Q. Can I speak to an inmate over the phone?
A. Yes but you can’t call them directly. You can leave short, 10-15 second voice mail messages by dialing 218-732-8273. The automated voice mail system will give you instructions on how to leave your inmate a voice mail message. When not in lockdown, inmates can call you directly from jail using phones in the housing units if you have a telephone that will accept collect calls or the inmate has purchased a phone card. You can set your phone up to accept collect calls by visiting http://www.reliancetelephone.com. You can also buy phone cards for your inmate directly from that website. It is your responsibility to get phone card numbers that you purchased online to your inmate not ours so don’t call asking us to deliver it because we won’t.
Keep in mind that all incoming and outgoing calls are recorded1.
Q. Do inmates receive appropriate medical care?
A. Yes. Medical issues are handled just like they would be if the inmate wasn’t in jail. If the issue is something that can be addressed during normal clinic hours the inmate may be taken to the clinic to see their regular physician. If not they may be taken to the emergency room by a deputy or by ambulance depending on the circumstances.
Inmates are finically responsible for all associated costs but are never denied medical care because of an inability to pay. If an inmate has medical insurance, clinic and hospital charges will be run through that first and the balance will be charged to the inmate. All medical and dental bills are charged to the inmate’s trust account as we receive them from the provider. Upon release the inmate will receive an invoice which is payable in thirty days or it gets turned over to collections.
Q. Can inmates go to the doctor when ever they want?
A. Inmates requesting to see a physician will first be screened by jail nursing staff. If the nurse feels the inmate needs to be further evaluated or treated by a physician they will make arrangements with jail staff to see that an appointment is made.
Q. Can inmates chose what physician they see.
A. Sometimes but not always. We take inmates to Essentia Clinic in Park Rapids. If the inmate’s physician practices medicine there, we can normally accommodate them. If the inmate’s primary physician is located at another clinic, the jail is not obligated to transport the inmate to that clinic just to see a particular physician.
Q. You said that inmates will first be screened by jail nursing staff. Does that mean they might not get to go to the doctor?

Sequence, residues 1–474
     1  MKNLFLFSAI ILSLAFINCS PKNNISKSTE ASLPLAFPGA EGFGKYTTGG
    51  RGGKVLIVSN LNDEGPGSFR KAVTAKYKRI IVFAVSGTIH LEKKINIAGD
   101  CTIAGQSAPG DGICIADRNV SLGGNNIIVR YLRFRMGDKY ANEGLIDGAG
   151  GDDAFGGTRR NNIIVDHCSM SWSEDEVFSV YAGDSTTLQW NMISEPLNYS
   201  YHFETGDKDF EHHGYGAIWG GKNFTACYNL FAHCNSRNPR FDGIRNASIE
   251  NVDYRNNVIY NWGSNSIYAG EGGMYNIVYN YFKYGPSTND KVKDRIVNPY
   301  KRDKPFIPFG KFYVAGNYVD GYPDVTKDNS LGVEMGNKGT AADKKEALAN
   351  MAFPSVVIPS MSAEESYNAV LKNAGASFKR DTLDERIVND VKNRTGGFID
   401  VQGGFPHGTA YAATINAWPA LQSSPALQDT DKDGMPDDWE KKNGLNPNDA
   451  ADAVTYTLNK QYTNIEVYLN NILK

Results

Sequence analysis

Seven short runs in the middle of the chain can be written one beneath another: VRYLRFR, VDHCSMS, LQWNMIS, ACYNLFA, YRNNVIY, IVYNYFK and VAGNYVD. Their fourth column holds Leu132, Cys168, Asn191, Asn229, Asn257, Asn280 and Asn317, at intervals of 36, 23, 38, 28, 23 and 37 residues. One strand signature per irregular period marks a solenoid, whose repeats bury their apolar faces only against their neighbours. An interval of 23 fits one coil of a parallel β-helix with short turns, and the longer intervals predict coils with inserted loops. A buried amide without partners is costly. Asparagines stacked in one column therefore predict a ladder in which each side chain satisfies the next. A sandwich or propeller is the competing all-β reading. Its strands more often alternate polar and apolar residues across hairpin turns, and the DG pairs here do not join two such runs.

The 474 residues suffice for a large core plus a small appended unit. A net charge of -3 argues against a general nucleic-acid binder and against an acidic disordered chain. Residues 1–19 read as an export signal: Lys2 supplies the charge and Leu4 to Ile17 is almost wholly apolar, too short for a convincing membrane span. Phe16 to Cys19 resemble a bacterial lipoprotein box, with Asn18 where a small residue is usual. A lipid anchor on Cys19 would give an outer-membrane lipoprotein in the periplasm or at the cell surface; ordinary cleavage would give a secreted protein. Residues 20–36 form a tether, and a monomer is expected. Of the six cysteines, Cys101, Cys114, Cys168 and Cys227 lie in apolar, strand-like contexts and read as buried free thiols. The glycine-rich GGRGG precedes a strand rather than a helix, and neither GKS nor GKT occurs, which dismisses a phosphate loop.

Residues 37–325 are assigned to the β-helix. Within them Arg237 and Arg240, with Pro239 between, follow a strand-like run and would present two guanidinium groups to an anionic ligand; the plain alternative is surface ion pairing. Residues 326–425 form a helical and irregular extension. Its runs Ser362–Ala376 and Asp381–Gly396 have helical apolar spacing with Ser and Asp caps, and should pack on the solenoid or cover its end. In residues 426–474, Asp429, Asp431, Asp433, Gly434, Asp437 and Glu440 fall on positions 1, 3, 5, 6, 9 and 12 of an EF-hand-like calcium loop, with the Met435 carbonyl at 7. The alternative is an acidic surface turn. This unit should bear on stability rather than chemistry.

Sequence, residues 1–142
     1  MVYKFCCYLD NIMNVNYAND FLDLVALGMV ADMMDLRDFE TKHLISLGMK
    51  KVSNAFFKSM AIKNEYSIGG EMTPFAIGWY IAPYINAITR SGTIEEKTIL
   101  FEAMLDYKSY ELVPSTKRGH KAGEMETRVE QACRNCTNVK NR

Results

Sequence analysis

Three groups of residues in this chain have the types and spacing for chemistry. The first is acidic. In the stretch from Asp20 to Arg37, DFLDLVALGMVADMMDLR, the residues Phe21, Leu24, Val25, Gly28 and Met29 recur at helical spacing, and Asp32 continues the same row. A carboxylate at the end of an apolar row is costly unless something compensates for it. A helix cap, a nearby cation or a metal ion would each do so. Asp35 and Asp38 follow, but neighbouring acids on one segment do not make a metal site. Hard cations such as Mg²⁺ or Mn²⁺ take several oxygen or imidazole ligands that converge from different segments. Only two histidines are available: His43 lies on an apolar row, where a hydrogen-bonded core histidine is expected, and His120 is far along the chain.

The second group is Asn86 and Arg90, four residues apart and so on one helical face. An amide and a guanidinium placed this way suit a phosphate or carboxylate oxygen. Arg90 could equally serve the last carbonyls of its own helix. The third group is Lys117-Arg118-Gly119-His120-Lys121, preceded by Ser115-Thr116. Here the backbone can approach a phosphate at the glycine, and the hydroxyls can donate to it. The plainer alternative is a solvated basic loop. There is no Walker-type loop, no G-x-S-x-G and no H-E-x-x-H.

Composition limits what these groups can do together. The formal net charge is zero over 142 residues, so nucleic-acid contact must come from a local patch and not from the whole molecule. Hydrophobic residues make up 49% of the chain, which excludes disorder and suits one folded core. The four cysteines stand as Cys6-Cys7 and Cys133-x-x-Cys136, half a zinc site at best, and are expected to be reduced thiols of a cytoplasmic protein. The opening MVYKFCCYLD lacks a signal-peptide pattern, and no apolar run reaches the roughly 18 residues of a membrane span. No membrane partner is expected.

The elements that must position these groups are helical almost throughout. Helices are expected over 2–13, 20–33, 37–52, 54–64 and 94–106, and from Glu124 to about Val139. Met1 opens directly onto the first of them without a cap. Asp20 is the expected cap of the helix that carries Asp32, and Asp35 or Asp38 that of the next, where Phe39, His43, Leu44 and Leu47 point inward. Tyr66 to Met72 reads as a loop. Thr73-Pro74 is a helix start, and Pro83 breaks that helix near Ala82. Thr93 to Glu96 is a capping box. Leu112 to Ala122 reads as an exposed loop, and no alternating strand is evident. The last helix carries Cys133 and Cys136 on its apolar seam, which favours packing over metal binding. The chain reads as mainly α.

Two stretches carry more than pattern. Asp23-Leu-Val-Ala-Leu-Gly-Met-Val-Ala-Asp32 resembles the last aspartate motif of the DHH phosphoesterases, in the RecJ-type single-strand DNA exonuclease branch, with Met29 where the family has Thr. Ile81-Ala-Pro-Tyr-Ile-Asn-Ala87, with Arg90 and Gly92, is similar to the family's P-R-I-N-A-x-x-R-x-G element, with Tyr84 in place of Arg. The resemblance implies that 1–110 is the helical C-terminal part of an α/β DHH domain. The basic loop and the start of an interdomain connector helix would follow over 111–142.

A. Not surprisingly, most inmate health issues are preexisting conditions that the inmate neglected to address while not incarcerated. Since many inmates are repeat offenders and know how to work the system, as soon as they come to jail they want to have every medical and dental issue that they neglected to address while on the outside, taken care of while they’re in custody. Also not surprisingly most inmates will not voluntarily pay the medical and dental bills they incur while incarcerated in our jail. That means that the jail, and by extension, the taxpayers of Hubbard County, will eventually end up footing the bill. This adds up to a substantial medical and dental bill at the end of the year. In an effort to keep that bill as low as possible trained nursing staff will screen inmates to determine if they actually need to see a doctor or dentist.
As I previously stated all emergency medical issues are immediately addressed by transporting the inmate to the emergency room by ambulance or by squad car.
Q. Can I donate books, magazines and puzzles to the jail?
A. No. The main reason is that it is a security issue. People on the outside can and do try to smuggle contraband into the facility in donated items. The other reason we don’t accept donated items is that experience has taught us that the books, magazines and puzzles that well intentioned folks typically want to donate aren’t in the best of shape. They tend to be musty, moldy, torn up and damaged or smell like cigarette smoke. In the past when we did accept donations from the public, most of the donations just ended up in the dumpster or recycling bin.
If you want to donate books and magazines to the jail we’ve set up an account at inmatecantee.com under the name Hubbard County Jail Programs that you can directly donate cash to and we’ll use that money to buy books and magazines. You can also make direct cash donations to that same account using the kiosk in the lobby of the Detention Center.
Q. Do inmates have access to vending machines?
A. Yes. In 2010 we contracted with Turnkey Corrections (inmate canteen.com) to provide vending and canteen items to our inmates. Statutorily, we are required to operate a canteen system in the jail and until 2010 we operated the canteen ourselves. It was a labor intensive and time consuming operation and one that we thought would be better served by someone other than trained corrections officers.
As the Programs Coordinator during the last three years I can say that Turnkey has been a great partner and has freed up a significant amount of time that I was able to devote to more important inmate programming activities. Also, canteen sales generate commissions that are used to pay licensed teachers and instructors to come into the jail to provide inmates an array of educational services: GED prep and testing, Adult Basic Life Skills classes, Parenting Classes, Cognitive Skills classes, etc.
Canteen commissions, along with phone card commissions have enabled us to purchase computers for our Programs room for inmates to use to look for employment, access the State Registrar’s site to research statutes and criminal code and to partake in various self-directed educational courses covering a wide variety of topics: parenting, basic and intermediate grammar, writing skills, employment search tools and resources, job interviewing skills, alcohol and substance abuse.